To run high-performing teams in a flexible environment, managers need to be “half social worker, half engineer,” Kropp said. That means more empathy and more capacity for planning and organization.

While companies may seem settled into their hybrid ways of working, many leaders are leaving policies open to change with time rather than overcommitting themselves. The world is unpredictable, as we’ve learned in the last 2.5 years. “A lot of these executives — the way that they’re framing it now is, ‘This is our hybrid strategy for now, and it could evolve and could change,’” Kropp said.

Amazon falls into that category. As Andy Jassy put it at the Code Conference on Wednesday, Amazon doesn’t have a plan to force employees back to the office: “We’re going to proceed adaptively as we learn.”

A version of this story appeared in Protocol's Workplace newsletter. Sign up here to get it in your inbox three times a week.

If you truly want to gauge a company’s culture before accepting a job offer, you have to become a bit of a sleuth. A journalist, even. Troll Blind and Glassdoor. Browse LinkedIn for current employees who seem trustworthy, or former employees who seem not to have an agenda.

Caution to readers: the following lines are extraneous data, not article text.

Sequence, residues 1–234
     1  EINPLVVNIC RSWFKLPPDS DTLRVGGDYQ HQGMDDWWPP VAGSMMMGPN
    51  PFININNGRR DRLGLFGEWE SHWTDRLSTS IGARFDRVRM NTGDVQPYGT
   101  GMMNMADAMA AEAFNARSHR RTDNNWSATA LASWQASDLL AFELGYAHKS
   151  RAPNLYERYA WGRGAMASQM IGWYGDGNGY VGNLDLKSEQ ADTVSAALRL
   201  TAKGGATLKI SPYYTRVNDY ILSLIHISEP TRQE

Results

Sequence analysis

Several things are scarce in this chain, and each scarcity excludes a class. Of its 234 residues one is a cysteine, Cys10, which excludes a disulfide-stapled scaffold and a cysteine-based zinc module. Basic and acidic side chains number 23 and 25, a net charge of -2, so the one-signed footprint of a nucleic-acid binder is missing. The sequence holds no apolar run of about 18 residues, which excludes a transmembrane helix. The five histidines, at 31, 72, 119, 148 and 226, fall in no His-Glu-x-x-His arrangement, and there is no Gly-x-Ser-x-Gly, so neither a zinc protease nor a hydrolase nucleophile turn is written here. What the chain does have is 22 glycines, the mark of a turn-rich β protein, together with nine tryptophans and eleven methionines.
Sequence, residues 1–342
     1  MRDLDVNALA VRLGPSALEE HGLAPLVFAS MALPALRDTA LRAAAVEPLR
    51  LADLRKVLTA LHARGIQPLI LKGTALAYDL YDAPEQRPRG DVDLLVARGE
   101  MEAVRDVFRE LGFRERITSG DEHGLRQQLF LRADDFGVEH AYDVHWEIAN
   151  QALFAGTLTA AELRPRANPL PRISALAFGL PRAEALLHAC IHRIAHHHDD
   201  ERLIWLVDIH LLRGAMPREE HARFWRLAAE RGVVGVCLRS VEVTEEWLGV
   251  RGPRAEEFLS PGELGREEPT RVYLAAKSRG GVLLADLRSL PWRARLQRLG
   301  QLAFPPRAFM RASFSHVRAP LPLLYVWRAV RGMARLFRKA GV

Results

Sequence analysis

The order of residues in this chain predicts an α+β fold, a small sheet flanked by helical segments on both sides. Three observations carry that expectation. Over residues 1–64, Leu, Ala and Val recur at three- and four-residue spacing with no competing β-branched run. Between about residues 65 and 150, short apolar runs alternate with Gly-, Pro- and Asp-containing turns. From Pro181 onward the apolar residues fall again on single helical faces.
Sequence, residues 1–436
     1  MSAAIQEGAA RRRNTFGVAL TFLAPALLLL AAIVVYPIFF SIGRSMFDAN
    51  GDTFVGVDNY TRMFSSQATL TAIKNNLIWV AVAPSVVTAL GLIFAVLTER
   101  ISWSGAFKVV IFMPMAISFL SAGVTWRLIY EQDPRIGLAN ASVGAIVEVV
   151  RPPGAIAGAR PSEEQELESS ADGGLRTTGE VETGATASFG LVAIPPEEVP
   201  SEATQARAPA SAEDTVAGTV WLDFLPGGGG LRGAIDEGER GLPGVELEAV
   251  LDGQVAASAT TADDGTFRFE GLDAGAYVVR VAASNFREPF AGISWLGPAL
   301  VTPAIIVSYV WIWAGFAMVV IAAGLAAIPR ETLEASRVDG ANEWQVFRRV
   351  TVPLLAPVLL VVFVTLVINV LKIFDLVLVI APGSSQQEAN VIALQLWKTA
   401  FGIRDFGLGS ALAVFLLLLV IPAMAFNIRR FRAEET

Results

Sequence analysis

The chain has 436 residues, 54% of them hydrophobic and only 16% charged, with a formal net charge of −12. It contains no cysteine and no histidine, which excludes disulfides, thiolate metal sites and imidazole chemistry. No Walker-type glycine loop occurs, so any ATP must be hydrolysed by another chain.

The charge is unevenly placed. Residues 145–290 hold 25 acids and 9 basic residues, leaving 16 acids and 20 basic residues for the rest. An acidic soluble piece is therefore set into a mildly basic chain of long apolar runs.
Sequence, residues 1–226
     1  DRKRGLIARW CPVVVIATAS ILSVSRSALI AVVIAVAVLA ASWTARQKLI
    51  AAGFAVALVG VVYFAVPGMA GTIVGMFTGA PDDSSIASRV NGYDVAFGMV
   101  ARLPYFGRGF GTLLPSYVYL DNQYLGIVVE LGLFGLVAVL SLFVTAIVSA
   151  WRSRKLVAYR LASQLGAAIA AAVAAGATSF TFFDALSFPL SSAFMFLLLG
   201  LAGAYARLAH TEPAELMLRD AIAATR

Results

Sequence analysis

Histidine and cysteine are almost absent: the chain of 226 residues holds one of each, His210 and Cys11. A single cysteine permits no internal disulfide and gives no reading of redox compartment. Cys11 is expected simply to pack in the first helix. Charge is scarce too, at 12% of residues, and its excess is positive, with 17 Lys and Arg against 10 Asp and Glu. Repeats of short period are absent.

But not everyone has the time to investigate companies in this way. Instead, they may rely on company-sponsored chats with current employees.

  • Ian Royer, a public relations specialist with Amazon Canada, took Amazon up on its “Candid Chats” program that connects candidates with members of employee resource groups.
  • He was on a mission to determine whether he fit with Amazon’s culture. “I am at a point in my career where when I do interviews, I interview for my fit, not the company,” Royer said.
  • Royer spoke with representatives from Amazon’s Black Employee Network and LGBTQ group Glamazon after encouragement from his recruiter. Those conversations ultimately won him over.

Steve McElfresh, founder of HR Futures, said it’s worth it for employers to offer to connect candidates with current employees. The more information, the more helpful to candidates. Still, it’s impossible for company-sponsored candidate-employee chats to be completely candid. Those chats are not entirely trustworthy.

  • “In most cases you’ve got to assume they’re using a stable of people who are prepped and primed to be positive about the company,” McElfresh said. “There’s nothing fundamentally wrong with that, but I think you've got to take it with a grain of salt.”

For those who want to connect with employees on their own, scouring LinkedIn and similar sites might be the best option. Professional platform Candor, a new startup trying to be the “more authentic LinkedIn,” was built with job sleuthing in mind.